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This water block is designed to be used with reference designed graphics cards. This simply means that if your card has the NVIDIA log above the PCI-E connection, then you will be able to use this water block. Its base is made from copper and the top of the block features a smoked acrylic top. This is to provide viewing of the water channels. Unfortunately if you have this installed in a standard ATX case, this smoked top will be under your card and out of plain view.
This card comes with ½ inch stop fittings, but you will need to purchase your connection fittings separately. It also comes with a sheet of thermal padding for RAM chips and MOSFETs. To assemble this block onto a reference video card, the first thing you’ll have to do is remove the stock cooler from your card. Most manufacturers will tell you that this will void your warranty should you need to RMA it in the future. This is also the most difficult aspect of installation. This is due to the fact that the manufacturers often really paste on the thermal compound. I learned that if you gently twist the card back and forth, once you’ve removed all of the screws, the stock heat-sink will loosen and come away from the card. I recommend that you don’t try to pry the card away from the heat-sink. This can either damage the PCB or the graphics chip.
Once the card is separated from the heat-sink, all you need to do is apply some new thermal compound and apply the thermal pads that come with the block. After you have accomplished this you then just need to line up the wholes on the block with the wholes on the card. You will want to follow the directions for this and place the screws through the washers and then the O-rings, to secure the water block. Also make sure to start from the center of the card and work your way out as you tighten down the screws. Carefully follow the instructions to make sure you don’t over tighten your screws. The rubber O-rings should be the same diameter, or just slightly more than the diameter of the washers. If you can just barely see the O-rings, from directly above the screws, then you’ve done it right. I recommend that once this is done you should look over your work to make sure that you didn’t forget any screws, and to make sure that the card still looks flat. If you see any warping then you probably have something too tight.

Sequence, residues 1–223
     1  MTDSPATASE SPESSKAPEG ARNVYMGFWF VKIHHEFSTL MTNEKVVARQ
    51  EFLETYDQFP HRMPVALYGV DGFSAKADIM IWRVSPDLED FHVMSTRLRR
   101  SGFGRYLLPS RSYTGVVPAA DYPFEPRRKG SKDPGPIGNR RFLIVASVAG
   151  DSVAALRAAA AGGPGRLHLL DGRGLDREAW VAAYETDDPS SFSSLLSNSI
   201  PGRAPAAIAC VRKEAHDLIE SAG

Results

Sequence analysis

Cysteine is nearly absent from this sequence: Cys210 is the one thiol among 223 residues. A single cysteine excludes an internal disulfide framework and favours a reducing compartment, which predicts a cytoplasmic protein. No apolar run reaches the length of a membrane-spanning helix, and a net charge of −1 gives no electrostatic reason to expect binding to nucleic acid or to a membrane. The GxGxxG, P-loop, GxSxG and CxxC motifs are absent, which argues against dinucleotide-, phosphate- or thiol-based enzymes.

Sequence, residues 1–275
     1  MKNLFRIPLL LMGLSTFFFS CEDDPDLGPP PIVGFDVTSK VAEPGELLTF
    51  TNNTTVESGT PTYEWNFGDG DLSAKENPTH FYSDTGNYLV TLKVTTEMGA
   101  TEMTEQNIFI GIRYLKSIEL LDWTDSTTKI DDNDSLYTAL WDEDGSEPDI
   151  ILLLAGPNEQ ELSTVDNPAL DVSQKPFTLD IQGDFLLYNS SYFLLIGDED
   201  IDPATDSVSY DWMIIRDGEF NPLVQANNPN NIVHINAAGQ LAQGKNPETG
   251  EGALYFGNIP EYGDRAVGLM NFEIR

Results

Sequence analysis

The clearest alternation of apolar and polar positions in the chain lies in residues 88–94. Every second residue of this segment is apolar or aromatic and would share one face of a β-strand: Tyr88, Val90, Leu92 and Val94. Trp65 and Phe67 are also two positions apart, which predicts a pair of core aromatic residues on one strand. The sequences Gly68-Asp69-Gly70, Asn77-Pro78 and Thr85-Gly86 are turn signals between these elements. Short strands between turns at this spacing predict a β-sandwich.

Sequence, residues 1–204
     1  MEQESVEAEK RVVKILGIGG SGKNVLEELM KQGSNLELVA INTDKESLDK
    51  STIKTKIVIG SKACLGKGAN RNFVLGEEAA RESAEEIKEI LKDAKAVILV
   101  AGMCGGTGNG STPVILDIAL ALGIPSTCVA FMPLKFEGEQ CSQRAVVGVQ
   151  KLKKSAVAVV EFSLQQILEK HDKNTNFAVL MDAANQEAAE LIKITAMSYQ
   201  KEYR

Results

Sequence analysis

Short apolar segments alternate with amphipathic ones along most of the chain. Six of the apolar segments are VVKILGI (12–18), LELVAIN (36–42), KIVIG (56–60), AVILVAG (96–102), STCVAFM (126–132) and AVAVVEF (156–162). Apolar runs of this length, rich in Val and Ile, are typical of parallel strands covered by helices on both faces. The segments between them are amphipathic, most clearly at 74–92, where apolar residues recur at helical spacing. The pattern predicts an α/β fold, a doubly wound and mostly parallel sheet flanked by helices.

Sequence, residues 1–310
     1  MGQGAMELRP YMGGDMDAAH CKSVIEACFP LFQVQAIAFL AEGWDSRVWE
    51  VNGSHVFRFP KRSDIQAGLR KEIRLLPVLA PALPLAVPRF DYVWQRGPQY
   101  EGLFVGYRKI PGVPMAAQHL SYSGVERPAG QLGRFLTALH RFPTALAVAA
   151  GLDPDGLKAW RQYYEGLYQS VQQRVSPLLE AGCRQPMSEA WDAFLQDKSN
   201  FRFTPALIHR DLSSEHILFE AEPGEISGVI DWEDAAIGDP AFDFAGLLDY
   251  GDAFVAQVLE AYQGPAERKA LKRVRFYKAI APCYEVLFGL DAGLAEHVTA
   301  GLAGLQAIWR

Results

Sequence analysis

This next step will depend on how you have your water cooling system installed. If you are adding this to a loop that you’ve already built, this part will be a little more of a hassle. The first thing you’ll need to do is to drain your loop and remove the appropriate hoses. You might want to also consider if you want to remove your water cooling system entirely, so that you can test it outside of your system. This is the recommended method when performing a leak check. You should also run your loop for a minimum of 12 hours. For those that watched the video, you already know that I didn’t do it that way. I know that I should have, especially since this was my first time installing a system like this. The reason I was unable to do this is due to time constraints. I did take every other precaution that you can think of. I filled my loop very slowly, and I used a large amount of paper towels to check for leaks.
If you are installing this water block along with an entirely new water cooling system, then the installation won’t be as difficult. Just make sure that when you cut your hoses that you leave a little more than you think you’ll actually need. This is because you can always cut some off, but you definitely won’t be able to add any if it’s too short. I installed this in conjunction with the XSPC Rasa 750 RS360 kit. This is a really nice kit that comes with a triple 120mm fan radiator. This radiator was going to be total overkill for my CPU so I decide to cool my video card as well. This is why I went with the Danger Den GTX 560 water block. It also happened to be the one that we were able to get with the kit. With the provided ½ inch barbs that we got from FrozenCPU, connecting and routing the hoses wasn’t very difficult at all. The XSPC kit comes with a reservoir and pump combo that takes up two 5.25 drive bays at the front of my case. Once installed it really does look pretty nice. I also went with green UV tubing instead of the clear tubing that the kit comes with. I did this mainly for looks, but I also discovered that the included clear tubing has a tendency to kink. This can cause some real problems if you fail to notice it.